After spending the vast majority of both the 2017 season—in which he performed adequately—and the 2018 season—in which he struggled—in the major league bullpen for the Mets, Paul Sewald spent the majority of 2019 on the AAA side of the shuttle. Sewald finally came back up to the big club for good in late August, where his star rose and fell in quick succession.
The 2019 Mets made some notable if ill-fated additions to the bullpen, rendering Sewald a depth piece assigned to AAA at the start of the season. He was summoned to the majors for two separate stints in April and May, making only four appearances. The righty surrendered three runs over seven innings in mostly mop-up work over that time. After the May outing, the Mets designated Sewald for assignment. When he cleared waivers, Sewald reported back to Syracuse, thinking his chances of returning to the majors were slim as he was no longer on the team’s 40 man roster.
But that thinking didn’t take into account the tire fire that was the Mets’ 2019 bullpen, and come mid-August, Sewald returned to the majors. Upon his return, he seemed to flash some improved stuff as he thrived in his immediate return. In five appearances in August, Sewald pitched seven innings, allowing one run while walking one and striking out 13. He also recorded his third career save when he pitched the eighth inning of a rain-shortened victory over Cleveland.
Sewald’s improved control and uptick in velocity (hitting 93 MPH) was noted approvingly by Gary, Keith, and Ron, and he seemed to quickly move into Mickey Callaway’s (very limited) bullpen circle of trust. That changed quickly after perhaps the Mets’ worst defeat in a season full of difficult endings. The Nationals’ seven-run bottom of the ninth inning on September 3 may have been punctuated by Kurt Suzuki’s walk-off home run against Edwin Diaz, but it was Sewald who came in to start the ninth inning of a 10-4 game, allowing four of the first five runners to reach to ignite the rally. Sewald’s usage for the remainder of the year was more sporadic and generally lower leverage.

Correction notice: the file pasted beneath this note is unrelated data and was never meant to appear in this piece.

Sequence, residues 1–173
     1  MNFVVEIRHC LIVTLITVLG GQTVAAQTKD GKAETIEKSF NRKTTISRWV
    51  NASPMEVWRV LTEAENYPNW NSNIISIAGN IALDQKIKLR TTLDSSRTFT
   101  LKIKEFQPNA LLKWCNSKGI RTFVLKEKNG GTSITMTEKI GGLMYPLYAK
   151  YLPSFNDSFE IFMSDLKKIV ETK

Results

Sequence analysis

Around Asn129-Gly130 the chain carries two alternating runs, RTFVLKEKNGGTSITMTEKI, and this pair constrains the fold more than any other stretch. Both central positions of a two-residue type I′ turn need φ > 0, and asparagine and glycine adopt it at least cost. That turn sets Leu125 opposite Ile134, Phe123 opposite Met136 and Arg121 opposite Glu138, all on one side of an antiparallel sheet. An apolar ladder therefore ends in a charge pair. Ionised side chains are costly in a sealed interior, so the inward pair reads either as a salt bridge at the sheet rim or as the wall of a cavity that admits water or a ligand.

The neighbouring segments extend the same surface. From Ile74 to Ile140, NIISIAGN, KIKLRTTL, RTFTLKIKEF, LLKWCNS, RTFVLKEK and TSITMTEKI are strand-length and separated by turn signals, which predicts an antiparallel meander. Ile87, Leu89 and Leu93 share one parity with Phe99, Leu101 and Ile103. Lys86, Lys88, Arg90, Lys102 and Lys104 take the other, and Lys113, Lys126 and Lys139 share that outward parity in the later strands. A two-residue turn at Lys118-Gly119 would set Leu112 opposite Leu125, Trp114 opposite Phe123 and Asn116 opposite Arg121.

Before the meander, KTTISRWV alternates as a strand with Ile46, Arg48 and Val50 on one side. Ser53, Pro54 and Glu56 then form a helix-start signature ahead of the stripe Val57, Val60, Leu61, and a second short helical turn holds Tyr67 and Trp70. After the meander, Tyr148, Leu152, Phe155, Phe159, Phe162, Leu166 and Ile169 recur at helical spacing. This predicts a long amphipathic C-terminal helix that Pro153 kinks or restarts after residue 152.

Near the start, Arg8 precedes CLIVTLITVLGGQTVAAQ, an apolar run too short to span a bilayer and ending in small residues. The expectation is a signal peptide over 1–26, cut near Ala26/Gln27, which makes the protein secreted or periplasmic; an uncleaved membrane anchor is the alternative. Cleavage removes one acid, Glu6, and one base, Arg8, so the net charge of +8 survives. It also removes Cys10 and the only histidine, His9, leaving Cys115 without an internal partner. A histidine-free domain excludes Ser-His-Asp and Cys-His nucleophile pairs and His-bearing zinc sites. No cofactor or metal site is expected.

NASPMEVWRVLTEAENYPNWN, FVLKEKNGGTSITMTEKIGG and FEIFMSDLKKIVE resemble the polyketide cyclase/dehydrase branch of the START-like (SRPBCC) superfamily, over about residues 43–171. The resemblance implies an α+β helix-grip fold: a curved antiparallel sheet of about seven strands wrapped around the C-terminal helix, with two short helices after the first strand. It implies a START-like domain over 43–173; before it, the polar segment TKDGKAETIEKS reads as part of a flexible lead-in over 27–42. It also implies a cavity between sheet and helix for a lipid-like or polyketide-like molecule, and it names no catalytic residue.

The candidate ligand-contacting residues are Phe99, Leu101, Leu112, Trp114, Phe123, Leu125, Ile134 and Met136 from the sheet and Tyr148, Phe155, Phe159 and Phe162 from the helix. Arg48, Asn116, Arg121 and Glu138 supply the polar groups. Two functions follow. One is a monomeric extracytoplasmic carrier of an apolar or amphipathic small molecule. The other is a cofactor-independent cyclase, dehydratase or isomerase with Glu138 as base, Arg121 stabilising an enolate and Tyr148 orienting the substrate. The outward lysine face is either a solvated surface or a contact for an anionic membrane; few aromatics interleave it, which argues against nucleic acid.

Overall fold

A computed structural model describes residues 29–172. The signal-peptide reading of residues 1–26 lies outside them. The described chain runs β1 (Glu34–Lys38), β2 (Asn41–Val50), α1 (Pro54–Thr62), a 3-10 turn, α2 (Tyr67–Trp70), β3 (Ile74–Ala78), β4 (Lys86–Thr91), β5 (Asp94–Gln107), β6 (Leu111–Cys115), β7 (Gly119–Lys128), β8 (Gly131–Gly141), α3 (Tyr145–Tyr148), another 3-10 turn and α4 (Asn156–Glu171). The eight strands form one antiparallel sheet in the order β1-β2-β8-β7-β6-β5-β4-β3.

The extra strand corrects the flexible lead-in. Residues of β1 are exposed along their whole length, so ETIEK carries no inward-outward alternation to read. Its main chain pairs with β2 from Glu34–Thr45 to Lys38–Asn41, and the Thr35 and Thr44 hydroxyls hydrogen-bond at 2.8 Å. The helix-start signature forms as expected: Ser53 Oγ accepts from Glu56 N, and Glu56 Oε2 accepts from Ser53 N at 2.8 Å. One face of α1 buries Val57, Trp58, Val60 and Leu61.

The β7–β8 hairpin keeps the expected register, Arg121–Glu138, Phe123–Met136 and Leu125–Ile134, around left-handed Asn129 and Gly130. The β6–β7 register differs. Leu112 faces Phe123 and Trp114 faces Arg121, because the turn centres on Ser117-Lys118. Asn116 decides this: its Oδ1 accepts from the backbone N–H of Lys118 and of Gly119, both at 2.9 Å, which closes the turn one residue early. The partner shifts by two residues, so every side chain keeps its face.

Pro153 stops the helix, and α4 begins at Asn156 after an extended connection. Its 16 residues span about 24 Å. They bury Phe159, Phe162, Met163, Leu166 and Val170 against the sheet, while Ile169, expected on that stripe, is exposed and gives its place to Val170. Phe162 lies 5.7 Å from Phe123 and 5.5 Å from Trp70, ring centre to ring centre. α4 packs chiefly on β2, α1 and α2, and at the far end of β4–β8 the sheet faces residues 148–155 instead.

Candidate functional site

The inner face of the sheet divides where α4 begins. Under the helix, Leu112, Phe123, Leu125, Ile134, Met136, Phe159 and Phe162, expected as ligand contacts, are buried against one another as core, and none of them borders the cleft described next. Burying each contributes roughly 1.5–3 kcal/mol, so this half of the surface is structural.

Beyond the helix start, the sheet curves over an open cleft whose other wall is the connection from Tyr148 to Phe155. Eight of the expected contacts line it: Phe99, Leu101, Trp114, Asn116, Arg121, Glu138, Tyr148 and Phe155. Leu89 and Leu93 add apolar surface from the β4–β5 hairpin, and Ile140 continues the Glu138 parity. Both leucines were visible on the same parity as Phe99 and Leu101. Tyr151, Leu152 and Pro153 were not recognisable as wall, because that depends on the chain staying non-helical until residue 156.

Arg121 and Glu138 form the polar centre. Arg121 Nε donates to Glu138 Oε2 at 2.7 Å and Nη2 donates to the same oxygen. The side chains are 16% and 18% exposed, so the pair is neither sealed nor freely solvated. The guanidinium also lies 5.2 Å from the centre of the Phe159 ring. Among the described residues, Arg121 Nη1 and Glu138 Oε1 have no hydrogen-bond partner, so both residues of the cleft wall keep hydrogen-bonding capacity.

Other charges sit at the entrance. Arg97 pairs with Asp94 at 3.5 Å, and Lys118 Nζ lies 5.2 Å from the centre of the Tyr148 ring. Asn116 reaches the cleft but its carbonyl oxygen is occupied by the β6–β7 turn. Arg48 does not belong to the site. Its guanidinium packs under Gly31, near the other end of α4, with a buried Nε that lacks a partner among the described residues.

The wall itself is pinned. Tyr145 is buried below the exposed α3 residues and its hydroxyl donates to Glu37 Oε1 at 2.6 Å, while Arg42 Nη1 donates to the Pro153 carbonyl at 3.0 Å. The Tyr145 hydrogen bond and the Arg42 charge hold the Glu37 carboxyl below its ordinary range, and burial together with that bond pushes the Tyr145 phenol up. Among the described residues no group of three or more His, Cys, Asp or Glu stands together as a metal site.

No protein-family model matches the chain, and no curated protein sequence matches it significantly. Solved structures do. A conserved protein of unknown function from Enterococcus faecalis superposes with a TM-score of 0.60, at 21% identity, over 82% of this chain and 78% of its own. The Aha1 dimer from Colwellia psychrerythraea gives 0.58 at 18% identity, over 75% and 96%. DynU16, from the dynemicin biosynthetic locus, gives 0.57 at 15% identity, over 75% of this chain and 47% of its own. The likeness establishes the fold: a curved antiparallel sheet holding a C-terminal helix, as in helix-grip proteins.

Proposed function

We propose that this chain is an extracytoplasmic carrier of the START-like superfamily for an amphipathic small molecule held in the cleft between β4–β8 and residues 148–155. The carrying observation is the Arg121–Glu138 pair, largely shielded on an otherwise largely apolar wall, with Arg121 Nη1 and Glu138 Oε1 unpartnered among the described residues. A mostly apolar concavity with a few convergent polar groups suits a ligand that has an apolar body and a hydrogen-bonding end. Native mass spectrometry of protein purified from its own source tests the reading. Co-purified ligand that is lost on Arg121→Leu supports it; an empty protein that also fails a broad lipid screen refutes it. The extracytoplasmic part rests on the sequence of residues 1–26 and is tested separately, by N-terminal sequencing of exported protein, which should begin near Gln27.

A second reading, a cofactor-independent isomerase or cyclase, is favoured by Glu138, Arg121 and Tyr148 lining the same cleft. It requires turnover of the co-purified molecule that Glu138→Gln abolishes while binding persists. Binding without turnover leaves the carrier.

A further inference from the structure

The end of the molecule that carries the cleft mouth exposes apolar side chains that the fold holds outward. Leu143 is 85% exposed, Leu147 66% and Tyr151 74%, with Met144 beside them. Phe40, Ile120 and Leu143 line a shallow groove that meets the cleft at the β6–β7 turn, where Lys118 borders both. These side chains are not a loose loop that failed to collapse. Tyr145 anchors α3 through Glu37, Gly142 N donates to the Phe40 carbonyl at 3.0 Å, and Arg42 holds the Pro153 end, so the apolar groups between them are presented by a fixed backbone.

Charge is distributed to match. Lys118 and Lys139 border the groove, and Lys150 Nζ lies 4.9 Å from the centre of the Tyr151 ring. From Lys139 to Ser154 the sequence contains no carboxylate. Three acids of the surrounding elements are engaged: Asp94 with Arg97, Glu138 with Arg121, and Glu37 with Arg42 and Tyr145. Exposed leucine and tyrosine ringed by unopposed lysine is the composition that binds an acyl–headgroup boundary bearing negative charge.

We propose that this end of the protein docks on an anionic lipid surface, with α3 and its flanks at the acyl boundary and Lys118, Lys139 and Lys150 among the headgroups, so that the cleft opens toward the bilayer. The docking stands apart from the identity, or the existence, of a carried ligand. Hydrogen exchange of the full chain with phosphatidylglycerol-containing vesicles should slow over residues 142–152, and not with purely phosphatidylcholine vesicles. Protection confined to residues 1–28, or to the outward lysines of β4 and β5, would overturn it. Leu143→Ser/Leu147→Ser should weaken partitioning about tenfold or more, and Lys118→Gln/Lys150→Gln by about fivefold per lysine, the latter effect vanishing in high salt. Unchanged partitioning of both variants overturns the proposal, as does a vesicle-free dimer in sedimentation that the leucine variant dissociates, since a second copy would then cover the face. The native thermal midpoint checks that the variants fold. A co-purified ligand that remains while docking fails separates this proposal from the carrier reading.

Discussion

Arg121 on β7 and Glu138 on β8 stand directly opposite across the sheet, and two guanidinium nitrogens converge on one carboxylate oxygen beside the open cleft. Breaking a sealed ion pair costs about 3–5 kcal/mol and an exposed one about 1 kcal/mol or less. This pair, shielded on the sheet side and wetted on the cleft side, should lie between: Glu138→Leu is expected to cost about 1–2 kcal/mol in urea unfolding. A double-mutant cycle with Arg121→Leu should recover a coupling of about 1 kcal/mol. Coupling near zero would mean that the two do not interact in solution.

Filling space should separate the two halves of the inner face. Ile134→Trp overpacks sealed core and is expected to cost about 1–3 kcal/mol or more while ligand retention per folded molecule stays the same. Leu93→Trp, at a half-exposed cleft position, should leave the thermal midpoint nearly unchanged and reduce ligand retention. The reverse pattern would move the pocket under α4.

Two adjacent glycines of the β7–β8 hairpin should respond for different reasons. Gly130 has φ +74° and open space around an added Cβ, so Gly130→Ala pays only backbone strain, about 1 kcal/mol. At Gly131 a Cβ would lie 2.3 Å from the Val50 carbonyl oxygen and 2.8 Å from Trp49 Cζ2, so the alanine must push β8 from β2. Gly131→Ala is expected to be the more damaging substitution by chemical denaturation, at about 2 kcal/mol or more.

For the season, Sewald threw only 19.2 innings, going 1-1 with 1 save, recording a 4.58 ERA. The win was the first of his career, after losing his first 14 decisions. His 10.07 K/9 and 1.37 BB/9 are admittedly promising—the walk rate in particular a huge improvement over past results—but of course over a very small sample. His work was good for 0.3 fWAR, and his 3.57 FIP vs. his 4.92 xFIP also show the difficulty in effectively analyzing his season.
While miscast as, say, your third most reliable arm in a bullpen, between his bursts of cromulence and his ability to pitch multiple innings Sewald could effectively be cast as a sixth or seventh arm in a big league bullpen. Someone who can soak up innings and potentially keep you in range in games you are trailing—or allows you to rest your main arms in a blowout. Or in an ideal world, perhaps more of a decent depth option to call up from AAA when a piece of your super-stacked, incredibly deep MLB bullpen goes down. Only time—and the Mets’ offseason moves—will dictate Sewald’s role in the 2020 bullpen—if any.